POLS ON THE STREET: Born to Run? Try Your Luck in Philadelphia’s 2019 Primary

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KEYNOTER at Philadelphia’s Labor Day Parade was Gov. Tom Wolf, who is running for re-election this fall and will welcome all labor voters. Heeding his speech were, L-R, John Greer, host Local 19 Assistant Business Manager Bryan Bush and Philadelphia AFL-CIO President Pat Eiding. Photo by Wendell Douglas

BY JOE SHAHEELI
Political insiders are fascinated by the potential impact of the Philadelphia vote of two important statewide races, for the governorship, currently held by Democrat Tom Wolf and for the U.S. Senate seat of Robert Casey (D-Pa.). But no one doubts the outcome of either race in thoroughly Democratic Philadelphia – the only question is how much the city can contribute to the Dem ticket and if it will be enough, given what happens in the rest of the commonwealth.

Two November State House races within city boundaries are up in the air. Serious stakes ride on the outcome of the contests in the Northeast’s 170th Dist., where State Rep. Marina White (R-Northeast) is being challenged by Mike Doyle, and in the 177th Dist., where Republican Patty-Pat Kozlowski is going against Democrat Joe Hohenstein. There are even statewide ramifications, so do not be surprised to see outside money popped into these neighborhood contests.

MARY JANE SCANLON, Delaware County candidate for Congress, greets parade spectators. Scanlon also runs in Philly’s 26th, 39th and 40th Wards. Photo by Joe Stivala

But they’ll grab half an eye’s attention at most among the city’s political activists. The real speculation is about who will run in the May 2019 Democratic primary election.

City Council at-Large seats always attract a slew of interest, at least this early in the season. They are generally the easiest municipal posts from which to dislodge incumbents. An effective citywide race requires lots of money, at least $100,000, along with a pre-existing network of influence and supporters. But these can come in many different forms. Luck of the draw, in the form of a good ballot position, will keep many a candidate sticking around until February at least.

This year, there is added speculation that Council Members at Large Blondell Reynolds Brown and Bill Greenlee, both age 65, may retire. They’re not too old to serve for several more terms if they choose. But neither have been vigorous fundraisers in the past four years and both know well how much it costs to run for their office in both time and money.

STATE SEN. John Sabatina, L, came down the Delaware with his ticket mate Mike Doyle, who is running for state representative in the Far Northeast. Photo by Wendell Douglas

If they plan to quit, they will keep their counsel close. They will gain power by confidential discussions with friends and admirers who might like their endorsement. Come January, they may start to leak their plans.

Until their plans become clear, though, that puts seven at-large seats potentially up for grabs. Since it costs little to dream between now and then, expect two or three times seven up-and-comers to float their names as at-large aspirants.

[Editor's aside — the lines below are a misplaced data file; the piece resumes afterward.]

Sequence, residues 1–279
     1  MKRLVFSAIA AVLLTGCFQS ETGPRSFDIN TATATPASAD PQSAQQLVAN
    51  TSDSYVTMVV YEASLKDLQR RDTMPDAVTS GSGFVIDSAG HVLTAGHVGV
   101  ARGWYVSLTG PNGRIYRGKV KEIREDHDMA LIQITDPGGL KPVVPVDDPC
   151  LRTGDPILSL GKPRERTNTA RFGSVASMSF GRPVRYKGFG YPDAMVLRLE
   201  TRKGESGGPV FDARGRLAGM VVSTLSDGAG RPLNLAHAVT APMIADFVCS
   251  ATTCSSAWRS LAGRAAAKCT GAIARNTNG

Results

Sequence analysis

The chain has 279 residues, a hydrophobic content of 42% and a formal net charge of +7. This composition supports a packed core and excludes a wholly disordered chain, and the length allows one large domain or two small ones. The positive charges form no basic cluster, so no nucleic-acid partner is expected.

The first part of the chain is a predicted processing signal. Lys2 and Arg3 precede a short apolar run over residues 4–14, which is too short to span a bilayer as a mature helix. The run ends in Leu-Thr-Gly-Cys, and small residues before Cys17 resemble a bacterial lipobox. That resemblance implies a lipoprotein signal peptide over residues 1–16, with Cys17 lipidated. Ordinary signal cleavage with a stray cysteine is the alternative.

Shrewd players are weighing other row offices.

With City Commissioner Anthony Clark stepping down this year, several flags have been raised to replace him. Traditionally, his seat is held by an African American.

SARA JOHNSON ROTHMAN, who is running for state representative in Montgomery County, appreciated a moment in the limelight with Gov. Tom Wolf. Photo by Wendell Douglas

Omar Sabir, a loyal activist in the camp of State Sen. Vincent Hughes (D-W. Phila.), who inherits former Congressman Chaka Fattah’s clan leadership, will make his second run for this office. He will have the support of the muscular Laborers’ Unions.

Dennis Lee is likely also to make a second run. A former deputy city commissioner, lee is well known around town.

Keith Harris, who is sergeant at arms at City Council, may be able to tap Council leadership for support. (We should note that a former City Council sergeant at arms, Bob Brady, went on to do quite well in elective office.)

Then there’s the office of Sheriff. Incumbent Jewell Williams shows no inclination to retire, so any new blood in this race can come only in the form of a challenge.

L-R WERE Deputy Mayor for Labor Rich Lazer, activist Tony Faulk, state rep candidates Danilo Burgos and Mary Isaacson, and State Rep. Jason Dawkins. Photo by Wendell Douglas

Political consultant Brian Stevenson, who was schooled in the world of IBEW Local 98, has been promoting his brother Dan Stevenson. Dan has a background in the Philadelphia Police Department and the U.S. Bureau of Alcohol, Tobacco & Firearms. He has served on Violent Crime Impact Teams. He was injured in the line of duty during the U.S. Marshals’ Operation Falcon. He has working as public-safety director for the 1st Councilmanic District.

Stevenson is well known and well liked around town. He would tap a pool of voters that is not closely connected to Sheriff Williams. And even if he should come in second … he is relatively young, with a chance at another go-around in another four years. Not a crazy race for him.

Obama Returns, Stumping for Casey

STATE REP aspirant Joe Hohenstein, L, marched with AFSCME DC 88. Photo by Wendell Douglas

Former President Barack Obama is set to visit Philadelphia for a fundraiser on behalf of U.S. Sen. Bob Casey (D-Pa.).

He will be bookending the Keystone State with top talent from the previous administration. Last weekend, former Vice President Joe Biden worked a Pittsburgh crowd for Casey, participating in the Labor Day parade, which was as fiercely politicized there as it was here.

Don’t look for many hardhats at the upcoming Obama event. It is said that tickets may go as high as $33,000. If true, though, this is a tribute to Obama’s residual star power.

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